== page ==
No. 453. Saturday, August 9, 1712. Addison.

Non usitatâ nec tenui ferar Pennâ--'

There is not a more pleasing Exercise of the Mind than Gratitude. It is accompanied with such an inward Satisfaction, that the Duty is sufficiently rewarded by the Performance. It is not like the Practice of many other Virtues, difficult and painful, but attended with so much Pleasure, that were there no positive Command which enjoin'd it, nor any Recompence laid up for it hereafter, a generous Mind would indulge in it, for the natural Gratification that accompanies it.

If Gratitude is due from Man to Man, how much more from Man to his Maker? The Supream Being does not only confer upon us those Bounties which proceed more immediately from his Hand, but even those Benefits which are conveyed to us by others. Every Blessing we enjoy, by what Means soever it may be derived upon us, is the Gift of him who is the great Author of Good, and Father of Mercies.

If Gratitude, when exerted towards one another, naturally produces a very pleasing Sensation in the Mind of a Grateful Man; it exalts the Soul into Rapture, when it is employed on this great Object of Gratitude; on this Beneficent Being who has given us every thing we already possess, and from whom we expect every thing we yet hope for.

Most of the Works of the Pagan Poets were either direct Hymns to their Deities, or tended indirectly to the Celebration of their respective Attributes and Perfections. Those who are acquainted with the Works of the Greek and Latin Poets which are still extant, will upon Reflection find this Observation so true, that I shall not enlarge upon it. One would wonder that more of our Christian Poets have not turned their Thoughts this way, especially if we consider, that our Idea of the Supream Being is not only infinitely more Great and Noble than what could possibly enter into the Heart of an Heathen, but filled with every thing that can raise the Imagination, and give an Opportunity for the sublimest Thoughts and Conceptions.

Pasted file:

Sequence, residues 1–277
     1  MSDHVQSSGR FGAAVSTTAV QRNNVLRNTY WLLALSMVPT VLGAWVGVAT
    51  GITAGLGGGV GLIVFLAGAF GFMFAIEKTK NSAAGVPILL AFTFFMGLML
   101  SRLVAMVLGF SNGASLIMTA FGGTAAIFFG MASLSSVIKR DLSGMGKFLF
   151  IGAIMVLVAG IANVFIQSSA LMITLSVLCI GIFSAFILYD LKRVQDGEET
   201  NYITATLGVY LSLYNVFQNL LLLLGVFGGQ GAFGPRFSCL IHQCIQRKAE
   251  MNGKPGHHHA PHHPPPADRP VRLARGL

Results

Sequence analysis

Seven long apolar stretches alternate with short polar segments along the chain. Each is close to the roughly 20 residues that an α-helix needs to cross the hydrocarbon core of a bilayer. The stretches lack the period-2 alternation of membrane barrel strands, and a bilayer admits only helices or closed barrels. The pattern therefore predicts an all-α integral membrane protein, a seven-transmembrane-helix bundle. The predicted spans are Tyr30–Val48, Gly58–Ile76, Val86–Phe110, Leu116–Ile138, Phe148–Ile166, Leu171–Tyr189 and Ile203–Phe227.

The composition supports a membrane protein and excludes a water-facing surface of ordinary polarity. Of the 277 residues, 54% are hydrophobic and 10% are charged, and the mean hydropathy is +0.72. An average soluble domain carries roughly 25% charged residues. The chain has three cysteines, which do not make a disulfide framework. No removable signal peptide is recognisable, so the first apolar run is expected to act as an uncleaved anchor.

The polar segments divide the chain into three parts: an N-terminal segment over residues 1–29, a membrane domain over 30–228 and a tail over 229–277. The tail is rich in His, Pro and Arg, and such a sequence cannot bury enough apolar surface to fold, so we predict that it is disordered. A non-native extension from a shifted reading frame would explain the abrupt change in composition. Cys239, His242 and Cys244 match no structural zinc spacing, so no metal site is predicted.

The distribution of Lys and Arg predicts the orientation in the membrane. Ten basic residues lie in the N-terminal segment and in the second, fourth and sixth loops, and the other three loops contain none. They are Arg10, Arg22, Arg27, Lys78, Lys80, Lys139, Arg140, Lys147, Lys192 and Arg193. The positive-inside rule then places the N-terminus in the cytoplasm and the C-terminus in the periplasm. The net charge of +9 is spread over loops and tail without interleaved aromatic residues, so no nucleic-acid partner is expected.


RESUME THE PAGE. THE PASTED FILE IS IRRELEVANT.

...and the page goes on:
Plutarch tells of a Heathen who was singing an Hymn to Diana, in which he celebrated her for her Delight in Human Sacrifices, and other Instances of Cruelty and Revenge; upon which a Poet who was present at this piece of Devotion, and seems to have had a truer Idea of the Divine Nature, told the Votary, by way of Reproof, that in recompence for his Hymn, he heartily wished he might have a Daughter of the same Temper with the Goddess he celebrated. It was indeed impossible to write the Praises of one of those false Deities, according to the Pagan Creed, without a mixture of Impertinence and Absurdity.

The Jews, who before the Times of Christianity were the only People that had the Knowledge of the True God, have set the Christian World an Example how they ought to employ this Divine Talent of which I am speaking. As that Nation produced Men of great Genius, without considering them as inspired Writers, they have transmitted to us many Hymns and Divine Odes, which excel those that are delivered down to us by the Ancient Greeks and Romans, in the Poetry, as much as in the Subject to which it was consecrated. This I think might easily be shewn, if there were occasion for it.

I have already communicated to the Publick some Pieces of Divine Poetry, and as they have met with a very favourable Reception, I shall from time to time publish any Work of the same nature which has not yet appeared in Print, [1] and may be acceptable to my Readers.

I. When all thy Mercies, O my God, My rising Soul surveys; Transported with the View, I'm lost In Wonder, Love, and Praise:

II. O how shall Words with equal Warmth The Gratitude declare That glows within my ravish'd Heart? But thou canst read it there.

III. Thy Providence my Life sustain'd, And all my Wants redrest, When in the silent Womb I lay, And hung upon the Breast.

IV. To all my weak Complaints and Cries, Thy Mercy lent an Ear, Ere yet my feeble Thoughts had learnt To form themselves in Pray'r.

V. Unnumbered Comforts to my Soul Thy tender Care bestow'd, Before my infant Heart conceiv'd From whom those Comforts flow'd.

VI. When in the slippery Paths of Youth With heedless Steps I ran, Thine Arm unseen convey'd me safe And led me up to Man.

VII. Through hidden Dangers, Toils, and Deaths, It gently clear'd my Way, And through the pleasing Snares of Vice, More to be fear'd than they.

VIII. When worn with Sickness oft hast thou With Health renew'd my Face, And when in Sins and Sorrows sunk Revived my Soul with Grace.

IX. Thy bounteous Hand with worldly Bliss Has made my Cup run o'er, And in a kind and faithful Friend Has doubled all my Store.

X. Ten thousand thousand precious Gifts My Daily Thanks employ, Nor is the least a chearful Heart, That tastes those Gifts with Joy.

XI. Through every Period of my Life Thy Goodness I'll pursue; And after Death in distant Worlds The Glorious Theme renew.

XII. When Nature fails, and Day and Night Divide thy Works no more, My Ever-grateful Heart, O Lord, Thy Mercy shall adore.

XIII. Through all Eternity to Thee A joyful Song I'll raise, For oh! Eternity's too short To utter all thy Praise.


[Footnote 1: By himself.]

Translation of motto:
HOR. 2 Od. xx. i.
'No weak, no common wing shall bear
My rising body through the air.'